State back to planning on Juneau highway

Richard Mauer

After the state lost in two courts, the Parnell administration said Wednesday it would prepare a new environmental impact statement for a 50-mile road from Juneau to a proposed ferry terminal near Haines and Skagway rather than appeal again, this time to the U.S. Supreme Court.

The state announced its decision to go back to the planning process two months after the 9th U.S. Circuit Court of Appeals affirmed the decision of a federal judge in Alaska, who said the original environmental impact statement for the Juneau Access Project, from 2006, was inadequate.

A coalition of environmental organizations led by the Southeast Alaska Conservation Council sued that year to stop the project, which would drive a new road deep into the Tongass National Forest north of Juneau.

While the project wouldn't connect Juneau directly to the North American road system, it would have brought it much closer. The $470 million project would end at a dock about 5 miles from Haines and 20 miles from Skagway, just a quick shuttle ferry away from the highway.

Brenda Hewitt, a spokeswoman for the state transportation department, said the state will bow to the Feb. 13, 2009, order of U.S. District Judge John Sedwick. He ruled that the original environmental impact statement failed to balance the impacts of beefing up existing ferry service with building a new road.

"It doesn't hurt us to go back and look at the whole thing and give the public one more chance to weigh in on it," Hewitt said. It will take about two years to conclude the planning work, she said.

Under that schedule, if the state had chosen not to file its appeal with the 9th Circuit U.S. Court of Appeals in 2009, the supplemental environmental impact statement would be done about now.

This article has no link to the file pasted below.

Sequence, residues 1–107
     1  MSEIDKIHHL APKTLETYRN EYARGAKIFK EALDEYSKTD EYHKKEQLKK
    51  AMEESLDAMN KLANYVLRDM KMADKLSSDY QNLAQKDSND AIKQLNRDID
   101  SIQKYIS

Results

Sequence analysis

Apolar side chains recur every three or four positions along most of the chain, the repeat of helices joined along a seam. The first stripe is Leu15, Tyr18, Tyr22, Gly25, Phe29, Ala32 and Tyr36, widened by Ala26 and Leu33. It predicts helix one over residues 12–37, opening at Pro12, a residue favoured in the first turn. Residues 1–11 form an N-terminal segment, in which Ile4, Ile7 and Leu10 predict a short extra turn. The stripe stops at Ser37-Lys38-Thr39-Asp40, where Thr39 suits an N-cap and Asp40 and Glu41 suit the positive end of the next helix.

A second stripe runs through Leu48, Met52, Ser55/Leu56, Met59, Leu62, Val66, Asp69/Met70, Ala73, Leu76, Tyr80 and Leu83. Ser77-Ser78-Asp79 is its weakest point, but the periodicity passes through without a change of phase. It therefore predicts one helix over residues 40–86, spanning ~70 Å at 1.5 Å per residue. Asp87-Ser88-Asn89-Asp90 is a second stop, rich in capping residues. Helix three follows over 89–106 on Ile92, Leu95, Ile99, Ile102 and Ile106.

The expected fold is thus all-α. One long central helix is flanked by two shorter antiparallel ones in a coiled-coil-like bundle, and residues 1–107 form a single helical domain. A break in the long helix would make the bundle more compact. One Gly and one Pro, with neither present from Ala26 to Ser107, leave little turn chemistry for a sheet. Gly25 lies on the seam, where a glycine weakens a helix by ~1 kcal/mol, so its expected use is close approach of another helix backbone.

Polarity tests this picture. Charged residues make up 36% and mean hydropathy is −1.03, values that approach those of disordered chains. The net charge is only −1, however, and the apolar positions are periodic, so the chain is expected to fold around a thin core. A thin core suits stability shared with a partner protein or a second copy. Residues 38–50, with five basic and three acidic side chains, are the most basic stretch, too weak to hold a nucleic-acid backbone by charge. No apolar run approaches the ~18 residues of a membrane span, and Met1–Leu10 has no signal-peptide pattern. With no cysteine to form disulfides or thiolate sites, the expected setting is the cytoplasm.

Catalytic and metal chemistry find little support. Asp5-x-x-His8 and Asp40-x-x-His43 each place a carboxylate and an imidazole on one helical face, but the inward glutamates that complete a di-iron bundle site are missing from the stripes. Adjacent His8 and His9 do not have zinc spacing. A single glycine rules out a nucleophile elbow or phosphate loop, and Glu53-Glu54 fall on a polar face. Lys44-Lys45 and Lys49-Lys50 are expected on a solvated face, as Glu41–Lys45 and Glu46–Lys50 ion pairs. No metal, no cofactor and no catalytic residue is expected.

"It wasn't a case without merit," said Sean Lynch, the assistant attorney general who brought the doomed appeal. "It's unfortunate that it worked out the way it did."

Given what was said Wednesday, it was unclear how seriously the state would re-examine the non-construction alternatives. In a statement to the media, the transportation department said Gov. Sean Parnell ordered that the project be moved "toward construction by immediately preparing a supplemental Environmental Impact Statement with the Federal Highway Administration."

The Federal Highway Administration would provide a substantial portion of the cost of the project. The federal funding and the use of national forest land set up the impact-statement requirements of the National Environmental Policy Act of 1969.

Lindsey Ketchel, executive director of the Southeast Alaska Conservation Council, said she was disappointed that Parnell's road construction vision appeared to be undimmed, citing his administration's studies of other pioneering roads to Nome and the North Slope settlement of Umiat.

"The road to Nome is going to be $2.7 billion, Umiat is about a half billion, then he's adding a $500 million road for Juneau access and expecting the federal government to write a check for all of this," she said. "At some point, the governor has to sit down and be upfront about what the federal government can afford for his transportation vision and do the proper pre-development analysis on those projects."

Ketchel acknowledged that Juneau remains deeply split over highway access but said that SEACC members in Skagway and Haines pressed the organization to oppose the project.

The Juneau Access Project has kicked around for about two decades under both Republican and Democratic administrations. Sedwick incorporated five pages of project history in his 24-page decision, noting that the first draft of an environmental impact statement appeared in 1997. The governor then, Democrat Tony Knowles, picked the current route three years later, then stopped work on the project, Sedwick said. Gov. Frank Murkowski, a Republican, restarted it in 2002, he said.

The plan at first was to take the road all the way to Skagway. But in 2005, federal highway planners determined the full-length road would require land in the Skagway and White Pass District National Historic Landmark, Sedwick said. While its possible to get that authorization, the state scaled back the project, suggesting ferry shuttles to bridge the last few miles.

The final environmental impact statement was issued Jan. 18, 2006, the last year of the Murkowski administration.

Ketchel said she doesn't oppose transportation development, but it needs to fit Southeast -- and better ferries do that, she said.

"We're off on our own little island surrounded by ice fields, so it isn't like there's a lot of opportunity," she said. "That's how people get around, on ferries. It's part of our culture, it's our signature -- it's who we are. Salmon and ferries."

Reach Richard Mauer at or 257-4345.

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